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Bijal Packaging and Ors. Vs. C.C.E. & S.T., Ahmedabad - (Customs, Excise and Service Tax Appellate Tribunal) (02 Jan 2019)

Excise duty liability should be computed considering sale value charged to independent customers as assessable value for purpose of valuation of job worked goods



The Appellant Bijal Packaging and B.B. containers both are situated at one factory premises were engaged in the manufacture of metal tin container. They were manufacturing Metal Steel Container on their own as well as on job work basis and splitting up the clearances availing the exemption from payment of central excise duty under Notification No. 08/2003-CE : MANU/EXCT/0060/2003 dated 01st March, 2003 as amended. On a search and further investigation, it was found that the assessees were engaged in manufacture of metal tin container without obtaining central excise registration.

After detailed investigation, SCN was issued to the Appellants which culminated into adjudication order whereby the demand of central excise duty, interest and imposition of penalty were confirmed, therefore, the present appeals.

The Appellant are engaged in the manufacture of tin containers for edible oil manufacturing company. The said tin containers were manufactured on job work basis as well as the same containers were sold on principal to principal basis. In this fact as per the Larger Bench judgment of the Tribunal in the case of M/s. Ispat Industries Ltd., the sale price charged to the independent buyers shall apply even in case of job work. In the said judgment, it is observed that once the value under Section 4 i.e. transaction value is available then there is no need to resort to Section 4(1)(B) and Valuation Rules, 2000. In view of the Larger Bench judgment, the excise duty liability should be computed considering the sale value charged to the independent customers as the assessable value for the purpose of valuation of job worked goods. Since, the said value is in accordance with Section 4, the permissible deduction such as transportation is also available to the appellant.

As regard, the admissibility of the Cenvat Credit, there is no dispute that the invoices on which the Appellant seeking availment of Cenvat Credit, the goods of the said invoices were admittedly used by the Appellant for job work. The same has been endorsed by the department by taking cost of raw material from the same invoices. Merely because the name of the Appellant is not appearing on the invoices, Cenvat Credit cannot be denied. In any case, when the job worker manufactured the goods out of raw material belongs to the principal, the purchase invoices will be in the name of principal and not in the name of job worker, however the fact remains that the said duty paid goods were used by the Appellant in the manufacture of job worked goods, therefore, credit is clearly admissible on such invoices of tin plate to the Appellant.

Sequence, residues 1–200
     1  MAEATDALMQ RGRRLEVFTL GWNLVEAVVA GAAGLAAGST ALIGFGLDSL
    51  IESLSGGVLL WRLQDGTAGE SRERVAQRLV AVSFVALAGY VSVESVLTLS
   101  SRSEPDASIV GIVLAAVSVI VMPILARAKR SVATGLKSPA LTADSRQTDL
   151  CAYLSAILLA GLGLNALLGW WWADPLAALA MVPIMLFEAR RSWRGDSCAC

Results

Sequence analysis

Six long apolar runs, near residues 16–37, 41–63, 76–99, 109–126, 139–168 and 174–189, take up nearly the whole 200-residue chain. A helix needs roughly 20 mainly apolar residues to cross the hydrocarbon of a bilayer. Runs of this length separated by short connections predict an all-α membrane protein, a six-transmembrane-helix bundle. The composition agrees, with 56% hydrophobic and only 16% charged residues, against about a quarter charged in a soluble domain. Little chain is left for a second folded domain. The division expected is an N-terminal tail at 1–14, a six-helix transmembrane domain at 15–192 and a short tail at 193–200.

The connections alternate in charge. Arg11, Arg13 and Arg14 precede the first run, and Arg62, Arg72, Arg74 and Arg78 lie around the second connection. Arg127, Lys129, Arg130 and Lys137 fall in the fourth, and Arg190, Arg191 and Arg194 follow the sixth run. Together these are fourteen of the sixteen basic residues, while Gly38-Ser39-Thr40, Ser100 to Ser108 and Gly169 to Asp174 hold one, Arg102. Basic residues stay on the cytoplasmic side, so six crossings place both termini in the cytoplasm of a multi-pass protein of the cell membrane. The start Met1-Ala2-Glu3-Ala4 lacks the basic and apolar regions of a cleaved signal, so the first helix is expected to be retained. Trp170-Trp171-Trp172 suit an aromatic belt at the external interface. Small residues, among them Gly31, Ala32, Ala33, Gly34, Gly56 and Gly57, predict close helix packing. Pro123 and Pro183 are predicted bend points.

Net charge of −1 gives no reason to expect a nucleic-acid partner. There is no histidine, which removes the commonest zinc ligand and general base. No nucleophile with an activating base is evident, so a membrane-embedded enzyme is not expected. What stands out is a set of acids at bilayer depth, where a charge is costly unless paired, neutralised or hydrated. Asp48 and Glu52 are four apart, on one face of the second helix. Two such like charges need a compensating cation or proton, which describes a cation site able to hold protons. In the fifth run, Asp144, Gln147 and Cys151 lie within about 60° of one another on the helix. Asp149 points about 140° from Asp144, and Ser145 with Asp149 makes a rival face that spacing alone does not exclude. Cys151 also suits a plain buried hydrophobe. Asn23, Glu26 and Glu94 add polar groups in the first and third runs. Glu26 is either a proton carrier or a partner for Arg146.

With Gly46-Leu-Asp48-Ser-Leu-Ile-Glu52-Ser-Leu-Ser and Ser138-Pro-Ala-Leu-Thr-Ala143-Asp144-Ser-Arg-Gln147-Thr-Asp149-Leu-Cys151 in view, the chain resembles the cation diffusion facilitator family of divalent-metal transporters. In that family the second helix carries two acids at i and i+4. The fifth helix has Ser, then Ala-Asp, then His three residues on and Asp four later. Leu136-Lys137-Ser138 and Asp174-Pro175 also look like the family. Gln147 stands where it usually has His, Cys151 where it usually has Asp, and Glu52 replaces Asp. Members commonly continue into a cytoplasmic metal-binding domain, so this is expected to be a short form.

The valuation of job worked goods computed by the department on the basis of cost of raw material + job work charges is incorrect. Therefore, the adjudicating authority must re-quantify the duty on the value arriving on the basis of sale price of tin container applied to the independent buyer. The appellant is also entitled for deduction of transportation in accordance with law. The appellant is also entitled for the Cenvat Credit on the raw material i.e. tin plates on the invoices though not in their name. In view of all these aspects, demand may be re-quantified. Considering the facts and the circumstances, of the case and the issue involved is interpretation is of SSI exemption Notification No. 8/2003-CE : MANU/EXCT/0060/2003 and valuation provision, the mala fide intention cannot be attributed to the Appellant, therefore, penalties imposed by the adjudicating authority are set aside. The appeals are partly allowed by way of remand to the adjudicating authority.


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